The last step in the process is to identify resource gaps which need to be filled. This can be done by investing in replenishing, augmenting and upgrading the resource base.

In order to sustain the competitive advantages that Parents Inc. current has, it is necessary that it keeps nurturing and developing its resource base. Resources can be seen as stocks that depreciate with time and that have to be replaced, augmented and upgraded. This line of thought is a parallel with Porter's diamond theory, because in both models, the only way to stay in the market is through upgrading the resource pool. This resource pool can be upgraded organically or through acquisitions.

It must be remembered that if constant innovation is the key to a sustainable competitive advantage, then it is crucial for management to be committed to the necessary investments to carry this process out. For Parents Inc, that thinking has to be in a commercial savvy way, within the values of the organisation, whilst continuing to find sponsors through community organisations, funding agencies and individual donors.

Parents Inc. is facing a period of change. They need to understand how to do things differently, as that as costs continue to rise, they can continue to fulfil the demand without passing on the extra costs to their growing audience. To successfully do this, they need to exploit their resource and capabilities in the area of sponsorship to increase the revenue of the business. There is currently a small pool of big name New Zealand businesses involved in sponsorship to Parents Inc. which can be leveraged to gain my sponsorship dollars (from new and existing sponsors).

Parents Inc. has recently reviewed and refreshed most of its educational material which is presented at each of their seminars and programs. This keeps the material up to date and relevant for today's families.

Determining the strategic position of an organisation gives you an idea about:

the present position of the organisation, relative to its competitors

where the organisation is strategically placed in its industry

how strongly the organisation is placed (competencies)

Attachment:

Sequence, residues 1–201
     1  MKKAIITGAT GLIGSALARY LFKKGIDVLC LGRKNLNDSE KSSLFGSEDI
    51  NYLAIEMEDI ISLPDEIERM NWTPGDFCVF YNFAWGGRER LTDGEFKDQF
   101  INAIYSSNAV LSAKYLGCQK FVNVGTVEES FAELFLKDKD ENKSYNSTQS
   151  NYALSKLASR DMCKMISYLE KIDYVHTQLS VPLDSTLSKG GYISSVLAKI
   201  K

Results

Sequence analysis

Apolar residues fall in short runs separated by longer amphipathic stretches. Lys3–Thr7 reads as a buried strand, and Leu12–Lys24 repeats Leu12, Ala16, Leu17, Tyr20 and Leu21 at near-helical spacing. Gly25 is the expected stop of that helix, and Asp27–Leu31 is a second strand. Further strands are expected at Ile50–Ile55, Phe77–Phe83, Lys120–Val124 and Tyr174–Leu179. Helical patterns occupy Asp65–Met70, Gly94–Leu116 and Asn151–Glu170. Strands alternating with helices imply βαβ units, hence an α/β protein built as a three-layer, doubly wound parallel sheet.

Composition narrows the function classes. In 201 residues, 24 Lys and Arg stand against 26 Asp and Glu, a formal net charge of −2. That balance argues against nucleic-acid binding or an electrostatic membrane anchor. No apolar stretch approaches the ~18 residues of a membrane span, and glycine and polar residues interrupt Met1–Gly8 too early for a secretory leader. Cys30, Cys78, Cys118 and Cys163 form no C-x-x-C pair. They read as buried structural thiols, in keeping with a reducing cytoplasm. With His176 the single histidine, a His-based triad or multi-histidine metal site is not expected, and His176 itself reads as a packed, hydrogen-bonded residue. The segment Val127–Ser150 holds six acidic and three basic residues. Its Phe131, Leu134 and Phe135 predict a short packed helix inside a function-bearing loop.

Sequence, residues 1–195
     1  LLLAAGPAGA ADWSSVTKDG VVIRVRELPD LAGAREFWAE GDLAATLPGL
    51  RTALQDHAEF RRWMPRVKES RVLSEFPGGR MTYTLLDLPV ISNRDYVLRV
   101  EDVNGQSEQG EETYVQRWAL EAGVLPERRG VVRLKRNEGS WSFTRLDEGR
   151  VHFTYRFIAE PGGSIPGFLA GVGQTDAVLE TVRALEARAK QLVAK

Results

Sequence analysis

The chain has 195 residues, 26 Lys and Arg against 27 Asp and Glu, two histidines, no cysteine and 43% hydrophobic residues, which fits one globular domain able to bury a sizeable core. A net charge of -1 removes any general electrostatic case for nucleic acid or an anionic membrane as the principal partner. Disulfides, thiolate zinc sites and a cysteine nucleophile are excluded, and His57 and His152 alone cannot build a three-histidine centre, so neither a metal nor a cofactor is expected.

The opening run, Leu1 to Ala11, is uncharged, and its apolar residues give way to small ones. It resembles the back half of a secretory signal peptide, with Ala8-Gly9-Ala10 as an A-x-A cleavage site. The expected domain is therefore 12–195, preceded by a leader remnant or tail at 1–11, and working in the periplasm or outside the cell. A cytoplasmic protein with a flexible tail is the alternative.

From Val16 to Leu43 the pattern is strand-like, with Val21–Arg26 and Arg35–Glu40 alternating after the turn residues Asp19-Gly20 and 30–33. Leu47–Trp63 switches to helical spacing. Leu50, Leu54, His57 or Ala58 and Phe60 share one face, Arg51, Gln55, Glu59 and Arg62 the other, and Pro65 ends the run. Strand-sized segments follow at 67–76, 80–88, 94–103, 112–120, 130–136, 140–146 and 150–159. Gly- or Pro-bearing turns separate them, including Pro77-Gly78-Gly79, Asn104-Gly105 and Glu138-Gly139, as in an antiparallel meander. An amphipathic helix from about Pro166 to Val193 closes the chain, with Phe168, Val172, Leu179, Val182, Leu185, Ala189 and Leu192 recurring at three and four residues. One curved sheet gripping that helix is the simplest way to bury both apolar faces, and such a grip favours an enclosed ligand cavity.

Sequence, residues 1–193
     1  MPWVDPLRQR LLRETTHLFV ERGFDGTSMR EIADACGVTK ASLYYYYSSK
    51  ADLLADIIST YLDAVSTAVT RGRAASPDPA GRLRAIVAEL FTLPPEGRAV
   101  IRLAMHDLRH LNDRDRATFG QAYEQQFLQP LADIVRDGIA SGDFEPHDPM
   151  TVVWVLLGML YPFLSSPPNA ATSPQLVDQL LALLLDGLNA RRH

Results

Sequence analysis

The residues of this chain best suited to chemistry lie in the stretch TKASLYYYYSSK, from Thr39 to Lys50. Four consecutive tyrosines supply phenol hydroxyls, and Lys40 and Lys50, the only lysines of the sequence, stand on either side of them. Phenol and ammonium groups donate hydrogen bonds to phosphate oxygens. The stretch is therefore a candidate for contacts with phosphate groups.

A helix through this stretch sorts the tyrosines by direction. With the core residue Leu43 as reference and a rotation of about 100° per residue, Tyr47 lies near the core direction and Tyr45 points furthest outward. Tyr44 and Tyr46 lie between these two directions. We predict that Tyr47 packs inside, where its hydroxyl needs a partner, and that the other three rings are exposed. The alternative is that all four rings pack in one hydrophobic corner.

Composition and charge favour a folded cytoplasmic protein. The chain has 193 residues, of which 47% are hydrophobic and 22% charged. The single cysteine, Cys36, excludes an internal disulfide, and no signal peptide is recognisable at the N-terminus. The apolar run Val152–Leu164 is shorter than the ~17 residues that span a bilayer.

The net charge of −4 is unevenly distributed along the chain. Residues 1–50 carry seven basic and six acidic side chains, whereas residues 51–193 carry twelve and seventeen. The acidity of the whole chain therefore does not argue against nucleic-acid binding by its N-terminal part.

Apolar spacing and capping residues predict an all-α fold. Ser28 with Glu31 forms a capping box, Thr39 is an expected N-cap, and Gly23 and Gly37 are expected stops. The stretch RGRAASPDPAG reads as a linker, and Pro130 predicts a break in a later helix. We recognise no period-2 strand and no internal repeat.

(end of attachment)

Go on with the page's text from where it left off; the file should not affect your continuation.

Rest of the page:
the organisation's strategic issues (opportunities and threats)

Parents Inc. seems to be the only real player in the industry. It is certainly the only business, reaching that many New Zealanders on an annual basis. It is well respected and gains the following of many New Zealander because in its values - being apolitical, inclusive and welcoming.

That places Parents Inc. at the top of its industry, if an industry exists.

Strategy is the long-term direction and scope of an organisation, which achieve competitive advantage in a changing environment through its configuration of resources and competencies with the aim of fulfilling stakeholder expectations.

It is my understanding that Parents Inc. uses an intended strategy. The strategy is an expression of desired strategic direction deliberately formulated or planned by managers. The implication of an intended strategy is that the implementation of this intended strategy is planned in terms of resource allocation as well as organisational structure.

5.0 Summary

A company's strategic vision plus its objectives plus its strategy equals a strategic plan for coping with industry and competitive conditions, outcompeting rivals, and addressing the challenges and issues that stand as obstacles to the company's success.

RBV has been used to help find the potential for gaining sustained competitive advantages for Parents Inc. I think that all the competitive advantages have been identified and exploited. Parents Inc. do need to keep refreshing its business to ensure continued exploitation of the opportunities.

In order to sustain the competitive advantages that Parents Inc. current has, it is necessary that it keeps nurturing and developing its resource base. Resources can be seen as stocks that depreciate with time and that have to be replaced, augmented and upgraded. This line of thought is a parallel with Porter's diamond theory, because in both models, the only way to stay in the market is through upgrading the resource pool. This resource pool can be upgraded organically or through acquisitions.

However, as noted by the CEO in the 2009 Annual Report, Parents Inc. is facing a period of change. They need to understand how to do things differently, so as costs continue to rise, they can continue to fulfil the demand, without passing on the extra costs to their growing audience. To successfully do this, they need to exploit their resource and capabilities in the area of sponsorship to increase the revenue of the business. There is currently a small pool of big name New Zealand businesses involved in sponsorship to Parents Inc. which can be leveraged to gain my sponsorship dollars (from new and existing sponsors).

Managing the implementation and execution of strategy is an operations-oriented, make-things-happen activity aimed at shaping the performance of core business activities in a strategy-supportive manner. Management's handling of the strategy implementation process can be considered successful if things go smoothly enough that the company meets or beats its strategic and financial performance targets and shows good progress in achieving management's strategic vision.